The survey questions examined access to PPE, workload, leadership, and the personal impact of working through the pandemic.

The survey responses highlight anecdotes heard throughout the pandemic, especially in homes with larger outbreaks. They showed that nurses working in homes with more than five COVID cases felt “inadequately protected,” particularly in some privately-owned homes.

“The experience of the nurses relayed through the survey show that homes that experienced outbreaks, especially medium and large outbreaks, were associated with problematic PPE use, heavy and inappropriate workloads, poor management decisions around the health and safety of residents and staff, and a heavy toll on nurses,” the report said.

“And while the personal toll on nurses was great, it was especially so for racialized nurses.”

The Ontario Nurses’ Association surveyed its members last September and October, asking for their experiences dating back to March. The survey was sent to approximately 3,300 ONA members. Of those, 1,185 answered part of the survey while 766 finished the survey, although some were allowed to skip certain questions so the number of responses varies. ONA has 1,877 members working in municipal and not-for-profit homes and another 3,774 in for-profit homes. ONA said the survey’s margin of error is 1.29 per cent 19 times out of 20.

In homes with outbreaks, 38 per cent said they were told to wear the same mask when treating sick and healthy residents.

Of 174 surveyed nurses who worked in a home that had more than five COVID cases, 88 per cent said they experienced restrictions on the use of the N95 mask, which offers better protection than a surgical mask.

Nurses were asked about the leadership in their home.

In homes with more than five COVID cases, 40 percent of nurses said there was a delay in isolating the healthy from the sick. And, 44 percent of 434 nurses who worked through an outbreak said they felt inadequately protected. This sentiment was more common among those of the respondents who worked in for-profit homes.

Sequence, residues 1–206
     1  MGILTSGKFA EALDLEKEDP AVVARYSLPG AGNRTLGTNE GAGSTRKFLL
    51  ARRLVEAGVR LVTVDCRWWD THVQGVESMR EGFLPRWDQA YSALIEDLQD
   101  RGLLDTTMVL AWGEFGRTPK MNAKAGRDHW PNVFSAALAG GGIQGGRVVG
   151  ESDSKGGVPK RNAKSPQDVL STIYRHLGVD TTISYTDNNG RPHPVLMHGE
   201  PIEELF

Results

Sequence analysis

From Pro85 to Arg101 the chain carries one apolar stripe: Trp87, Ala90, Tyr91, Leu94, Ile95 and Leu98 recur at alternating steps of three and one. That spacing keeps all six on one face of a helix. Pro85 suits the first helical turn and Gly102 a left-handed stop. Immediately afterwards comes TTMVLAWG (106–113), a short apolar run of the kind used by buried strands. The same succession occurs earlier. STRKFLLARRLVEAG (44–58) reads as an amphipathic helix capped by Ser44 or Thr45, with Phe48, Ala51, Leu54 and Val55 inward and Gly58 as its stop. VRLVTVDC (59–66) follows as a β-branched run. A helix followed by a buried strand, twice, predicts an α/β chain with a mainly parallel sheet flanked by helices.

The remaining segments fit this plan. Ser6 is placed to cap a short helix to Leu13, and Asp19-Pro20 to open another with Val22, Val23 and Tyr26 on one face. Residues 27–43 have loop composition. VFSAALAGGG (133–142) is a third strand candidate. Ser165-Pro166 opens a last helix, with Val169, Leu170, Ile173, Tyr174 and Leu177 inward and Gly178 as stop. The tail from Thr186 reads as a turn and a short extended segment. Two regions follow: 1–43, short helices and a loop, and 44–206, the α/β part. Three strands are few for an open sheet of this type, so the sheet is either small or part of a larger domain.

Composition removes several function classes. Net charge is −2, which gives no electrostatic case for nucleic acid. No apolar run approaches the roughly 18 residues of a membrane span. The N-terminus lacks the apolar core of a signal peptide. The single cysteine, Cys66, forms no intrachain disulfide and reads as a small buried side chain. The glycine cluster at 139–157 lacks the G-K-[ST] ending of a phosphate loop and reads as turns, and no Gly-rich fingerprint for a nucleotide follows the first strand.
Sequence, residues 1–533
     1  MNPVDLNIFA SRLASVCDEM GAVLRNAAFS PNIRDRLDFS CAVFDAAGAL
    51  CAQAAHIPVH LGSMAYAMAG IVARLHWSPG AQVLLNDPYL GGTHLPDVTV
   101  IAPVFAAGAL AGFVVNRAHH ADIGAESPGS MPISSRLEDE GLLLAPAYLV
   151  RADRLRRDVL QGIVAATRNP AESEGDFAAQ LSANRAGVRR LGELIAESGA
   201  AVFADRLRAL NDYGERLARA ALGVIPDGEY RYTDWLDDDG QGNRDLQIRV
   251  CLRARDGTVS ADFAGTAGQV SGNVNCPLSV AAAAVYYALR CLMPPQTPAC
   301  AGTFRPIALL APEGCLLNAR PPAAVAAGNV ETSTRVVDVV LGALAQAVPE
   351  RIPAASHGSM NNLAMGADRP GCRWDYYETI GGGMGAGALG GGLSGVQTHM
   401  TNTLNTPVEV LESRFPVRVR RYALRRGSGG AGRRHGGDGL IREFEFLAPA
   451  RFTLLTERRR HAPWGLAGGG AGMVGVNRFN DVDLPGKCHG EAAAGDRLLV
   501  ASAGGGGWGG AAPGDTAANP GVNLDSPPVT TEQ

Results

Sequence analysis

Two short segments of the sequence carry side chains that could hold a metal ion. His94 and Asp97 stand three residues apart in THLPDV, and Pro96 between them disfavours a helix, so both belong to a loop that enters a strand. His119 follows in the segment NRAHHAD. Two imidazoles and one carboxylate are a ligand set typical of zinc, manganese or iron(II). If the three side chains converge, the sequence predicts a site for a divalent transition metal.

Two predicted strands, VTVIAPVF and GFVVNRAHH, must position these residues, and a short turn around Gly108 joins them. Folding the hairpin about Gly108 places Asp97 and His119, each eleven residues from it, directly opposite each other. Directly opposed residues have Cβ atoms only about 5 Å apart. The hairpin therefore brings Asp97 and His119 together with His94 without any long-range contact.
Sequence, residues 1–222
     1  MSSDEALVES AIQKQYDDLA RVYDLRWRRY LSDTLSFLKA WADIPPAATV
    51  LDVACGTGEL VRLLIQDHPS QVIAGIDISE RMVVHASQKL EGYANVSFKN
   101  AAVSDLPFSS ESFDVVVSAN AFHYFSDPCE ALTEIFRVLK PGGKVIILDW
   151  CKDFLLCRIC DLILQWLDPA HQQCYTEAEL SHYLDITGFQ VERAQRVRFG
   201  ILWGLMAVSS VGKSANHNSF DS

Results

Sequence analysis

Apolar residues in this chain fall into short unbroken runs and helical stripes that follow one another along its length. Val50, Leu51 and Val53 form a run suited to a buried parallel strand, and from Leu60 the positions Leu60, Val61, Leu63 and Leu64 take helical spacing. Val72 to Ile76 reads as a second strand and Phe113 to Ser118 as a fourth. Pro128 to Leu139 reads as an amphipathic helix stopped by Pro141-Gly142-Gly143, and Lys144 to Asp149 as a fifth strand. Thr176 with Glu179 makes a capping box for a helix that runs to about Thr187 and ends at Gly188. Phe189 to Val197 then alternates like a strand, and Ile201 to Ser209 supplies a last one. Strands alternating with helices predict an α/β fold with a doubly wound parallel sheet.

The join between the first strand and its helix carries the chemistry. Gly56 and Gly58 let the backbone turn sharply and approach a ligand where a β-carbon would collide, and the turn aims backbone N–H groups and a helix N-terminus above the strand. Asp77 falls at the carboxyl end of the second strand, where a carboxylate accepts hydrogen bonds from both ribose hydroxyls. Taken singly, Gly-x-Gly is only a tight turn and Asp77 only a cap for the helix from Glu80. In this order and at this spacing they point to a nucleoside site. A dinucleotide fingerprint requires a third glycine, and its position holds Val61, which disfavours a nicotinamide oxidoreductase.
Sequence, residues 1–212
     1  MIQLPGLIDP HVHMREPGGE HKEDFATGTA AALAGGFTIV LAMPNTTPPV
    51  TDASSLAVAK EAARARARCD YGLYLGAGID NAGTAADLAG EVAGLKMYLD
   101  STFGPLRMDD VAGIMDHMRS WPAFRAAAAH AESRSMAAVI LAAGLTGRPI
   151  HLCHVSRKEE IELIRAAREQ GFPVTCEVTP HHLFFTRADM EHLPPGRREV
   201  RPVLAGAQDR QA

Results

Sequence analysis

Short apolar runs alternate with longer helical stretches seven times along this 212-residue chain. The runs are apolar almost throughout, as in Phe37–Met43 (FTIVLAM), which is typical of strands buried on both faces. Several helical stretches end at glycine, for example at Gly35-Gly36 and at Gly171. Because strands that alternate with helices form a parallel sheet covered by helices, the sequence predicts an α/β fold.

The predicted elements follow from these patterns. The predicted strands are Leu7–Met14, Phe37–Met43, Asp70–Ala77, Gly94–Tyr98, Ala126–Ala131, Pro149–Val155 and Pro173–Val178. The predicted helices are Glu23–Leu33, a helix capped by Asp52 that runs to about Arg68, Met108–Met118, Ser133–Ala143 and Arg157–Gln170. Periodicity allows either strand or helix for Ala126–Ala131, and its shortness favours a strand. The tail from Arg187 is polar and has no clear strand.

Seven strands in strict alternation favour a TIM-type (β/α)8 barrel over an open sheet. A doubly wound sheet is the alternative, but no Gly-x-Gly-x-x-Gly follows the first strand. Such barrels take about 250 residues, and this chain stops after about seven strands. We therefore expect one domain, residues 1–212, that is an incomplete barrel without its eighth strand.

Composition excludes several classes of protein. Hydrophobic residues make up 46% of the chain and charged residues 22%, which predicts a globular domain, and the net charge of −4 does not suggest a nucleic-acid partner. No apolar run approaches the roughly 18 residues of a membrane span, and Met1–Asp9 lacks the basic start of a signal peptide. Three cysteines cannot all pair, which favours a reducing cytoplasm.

Nurses interviewed by the Star said some nursing home chains that had already gone through serious outbreaks didn’t take swifter or stricter measures the third or fourth time around.

With the exception of one nurse, who quit her job last spring after a colleague died from COVID, the nurses did not want their names used. Nurses sign a non-disclosure agreement when hired and fear losing their jobs for speaking out.

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Later, when her home was hit with COVID, the nurse said managers did not wear masks or enforce the use of PPE in the small, old building with poor ventilation.

“Months after the first wave of the pandemic I had to force (the proper use) of PPE,” she said.

Infected residents were still living with the uninfected, often in shared rooms with just a curtain to separate them, she said.

“There was a resident with COVID who kept spitting, all over me, on the floor, on the walls,” she said, her voice breaking.

“I can’t believe that I came out of it without being infected. It felt like a bomb had gone off and there was fallout all over, but nobody was coming to save you. You were on your own.”

The nurse said she knows that even if the home took every precaution it still might have been hit with a serious outbreak. What bothers her is that the chain had experienced significant outbreaks in other homes yet management in her home didn’t push for swift, precautionary measures to limit the spread.

“I was always very strong,” the nurse said, “but a couple of weeks after the outbreak, I found myself breaking down very easily. It profoundly changed me. It was the most frightening thing I have experienced.”

A nurse in an eastern Ontario home that was part of a large chain said her home struggled with several outbreaks. Early in the pandemic, staff were given dust masks — lightweight masks not meant to protect against a virus like COVID, she said. Nurses had to “fight” for N95 masks, she added.

“We were used to seeing death but not like that,” she said. “One night I went upstairs and saw a lot of residents who were dying. Just dying.” The home, she said, offered staff little support. “They told us to just do the best you can. The best you can? I often wonder, how can they sleep at night?”